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Accelerometers are sensors and instruments for measuring, displaying and analyzing acceleration and vibration. They can be used on a stand-alone basis, or in conjunction with a data acquisition system. Accelerometers are available in many forms. They can be raw sensing elements, packaged transducers, or as a sensor system or instrument, incorporating features such as totalizing, local or remote display and data recording. Accelerometers can have from one axis to three axes of measurement, the multiple axes typically being orthogonal to each other. These devices work on many operating principles. The most common types of accelerometers are piezoelectric, capacitance, null-balance, strain gage, resonance, piezoresistive and magnetic induction.

Three main features must be considered when selecting accelerometers: amplitude range, frequency range, and ambient conditions. Acceleration amplitude range is measured in Gs, whereas frequency is measured in Hz. For the ambient conditions, such things as temperature should be considered, as well as the maximum shock and vibration the accelerometers will be able to handle. This is the rating of how much abuse the device can stand before it stops performing, much different from how much vibration or acceleration accelerometers can measure.

Electrical output options depend on the system being used with the accelerometers. Common analog options are voltage, current or frequency. Digital output choices are the standard parallel and serial signals. Another option is to use accelerometers with an output of a change in state of switches or alarms.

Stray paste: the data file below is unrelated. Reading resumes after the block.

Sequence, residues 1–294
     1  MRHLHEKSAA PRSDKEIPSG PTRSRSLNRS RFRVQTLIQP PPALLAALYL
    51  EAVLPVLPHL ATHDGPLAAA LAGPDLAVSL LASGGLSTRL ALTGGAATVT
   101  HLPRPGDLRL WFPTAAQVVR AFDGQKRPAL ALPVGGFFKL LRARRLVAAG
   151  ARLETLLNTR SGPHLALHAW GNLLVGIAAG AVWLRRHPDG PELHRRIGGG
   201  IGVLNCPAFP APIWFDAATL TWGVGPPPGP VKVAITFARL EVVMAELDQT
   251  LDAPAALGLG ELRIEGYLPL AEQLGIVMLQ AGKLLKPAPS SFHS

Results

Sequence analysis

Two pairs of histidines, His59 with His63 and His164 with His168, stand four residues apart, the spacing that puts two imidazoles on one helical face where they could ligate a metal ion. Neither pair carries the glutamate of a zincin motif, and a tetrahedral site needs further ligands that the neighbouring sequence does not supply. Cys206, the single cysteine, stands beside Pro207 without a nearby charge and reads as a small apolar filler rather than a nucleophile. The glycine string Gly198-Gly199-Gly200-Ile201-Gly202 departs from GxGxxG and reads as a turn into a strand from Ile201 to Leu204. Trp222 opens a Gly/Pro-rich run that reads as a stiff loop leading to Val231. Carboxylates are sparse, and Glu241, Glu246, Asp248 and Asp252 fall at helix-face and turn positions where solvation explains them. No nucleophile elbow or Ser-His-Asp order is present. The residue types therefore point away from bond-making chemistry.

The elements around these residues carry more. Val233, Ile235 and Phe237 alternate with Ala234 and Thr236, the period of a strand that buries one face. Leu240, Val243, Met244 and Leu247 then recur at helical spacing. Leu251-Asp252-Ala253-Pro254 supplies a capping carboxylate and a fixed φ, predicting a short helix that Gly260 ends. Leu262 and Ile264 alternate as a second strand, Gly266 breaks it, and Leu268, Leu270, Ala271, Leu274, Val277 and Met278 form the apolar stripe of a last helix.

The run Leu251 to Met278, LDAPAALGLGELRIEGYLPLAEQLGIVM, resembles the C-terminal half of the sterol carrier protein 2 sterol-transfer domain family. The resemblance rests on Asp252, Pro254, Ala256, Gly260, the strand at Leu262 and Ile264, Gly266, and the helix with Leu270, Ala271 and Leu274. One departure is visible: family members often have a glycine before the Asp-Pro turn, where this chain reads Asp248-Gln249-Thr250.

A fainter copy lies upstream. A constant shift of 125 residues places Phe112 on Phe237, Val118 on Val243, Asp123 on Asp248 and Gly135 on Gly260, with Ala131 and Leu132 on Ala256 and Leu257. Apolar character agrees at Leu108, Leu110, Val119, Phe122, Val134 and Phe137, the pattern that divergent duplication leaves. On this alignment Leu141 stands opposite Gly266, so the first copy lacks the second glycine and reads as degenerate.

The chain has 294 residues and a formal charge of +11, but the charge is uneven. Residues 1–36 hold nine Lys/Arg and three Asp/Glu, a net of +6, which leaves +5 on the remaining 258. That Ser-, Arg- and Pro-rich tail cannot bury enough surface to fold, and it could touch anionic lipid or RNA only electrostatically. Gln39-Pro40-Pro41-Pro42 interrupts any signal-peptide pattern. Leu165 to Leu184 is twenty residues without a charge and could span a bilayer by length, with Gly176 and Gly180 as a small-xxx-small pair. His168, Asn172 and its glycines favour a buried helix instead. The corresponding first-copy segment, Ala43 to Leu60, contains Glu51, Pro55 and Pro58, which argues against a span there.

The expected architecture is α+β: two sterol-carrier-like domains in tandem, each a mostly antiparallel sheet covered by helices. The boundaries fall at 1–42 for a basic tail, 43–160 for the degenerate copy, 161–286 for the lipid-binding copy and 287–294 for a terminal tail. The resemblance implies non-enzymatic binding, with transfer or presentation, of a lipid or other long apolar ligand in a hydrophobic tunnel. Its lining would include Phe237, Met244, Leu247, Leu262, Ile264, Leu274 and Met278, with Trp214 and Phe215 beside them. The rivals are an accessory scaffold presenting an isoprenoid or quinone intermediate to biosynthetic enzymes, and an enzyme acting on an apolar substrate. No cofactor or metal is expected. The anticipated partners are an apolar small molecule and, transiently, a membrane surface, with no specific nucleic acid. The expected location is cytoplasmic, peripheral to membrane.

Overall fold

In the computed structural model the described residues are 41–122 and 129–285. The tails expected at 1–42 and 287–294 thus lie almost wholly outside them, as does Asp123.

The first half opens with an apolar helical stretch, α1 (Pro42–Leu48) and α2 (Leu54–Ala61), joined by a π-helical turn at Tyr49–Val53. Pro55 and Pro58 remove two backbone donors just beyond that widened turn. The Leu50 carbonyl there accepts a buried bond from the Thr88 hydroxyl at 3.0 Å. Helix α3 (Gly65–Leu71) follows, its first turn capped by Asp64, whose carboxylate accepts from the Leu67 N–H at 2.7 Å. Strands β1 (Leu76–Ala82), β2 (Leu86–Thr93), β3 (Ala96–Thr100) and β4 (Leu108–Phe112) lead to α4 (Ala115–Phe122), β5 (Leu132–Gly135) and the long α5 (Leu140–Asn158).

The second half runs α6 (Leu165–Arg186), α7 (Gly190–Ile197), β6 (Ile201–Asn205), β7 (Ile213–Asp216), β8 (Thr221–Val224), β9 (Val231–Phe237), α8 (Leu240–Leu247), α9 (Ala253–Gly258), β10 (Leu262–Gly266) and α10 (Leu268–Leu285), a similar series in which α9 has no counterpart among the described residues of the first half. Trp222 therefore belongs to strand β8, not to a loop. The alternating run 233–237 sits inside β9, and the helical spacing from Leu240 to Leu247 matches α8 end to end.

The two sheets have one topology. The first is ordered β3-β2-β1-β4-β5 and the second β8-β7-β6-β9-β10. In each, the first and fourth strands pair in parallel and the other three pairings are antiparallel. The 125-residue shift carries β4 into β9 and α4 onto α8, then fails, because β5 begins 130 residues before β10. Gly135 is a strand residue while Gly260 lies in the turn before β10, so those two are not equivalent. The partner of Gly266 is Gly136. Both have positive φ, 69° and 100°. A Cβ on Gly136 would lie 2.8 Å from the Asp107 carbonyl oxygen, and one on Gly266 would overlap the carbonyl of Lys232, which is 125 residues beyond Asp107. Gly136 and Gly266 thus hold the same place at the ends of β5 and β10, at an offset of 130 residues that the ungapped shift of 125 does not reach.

When mounting accelerometers, many choices must be weighed based on application and ability. Probably the most secure method is stud mounting. Many accelerometers have the option of a threaded section that can be fastened to the machinery or object being monitored. For applications where this is not possible or desirable, many other options are available: wax, magnets and adhesive. Some applications require accelerometers to be mounted on an electrically isolated surface to provide ground isolation between the mounting surface and signals from the accelerometers. Triaxial mounting cubes can also be purchased to mount three accelerometers together in an orthogonal configuration to each other. This way, only one mounting surface on the monitored device has to be used for all three.
To minimize frequency response errors, care must be taken to relieve cable strain by securing the cables attached to accelerometers. To do this, affix the cables to the same device the accelerometers are attached to. This will prevent flexing of the cables between the anchor point and the vibrating surface, thus keeping the accuracy of the readings as high as possible.

[Summary provided by 1999-2003 GlobalSpec Inc.]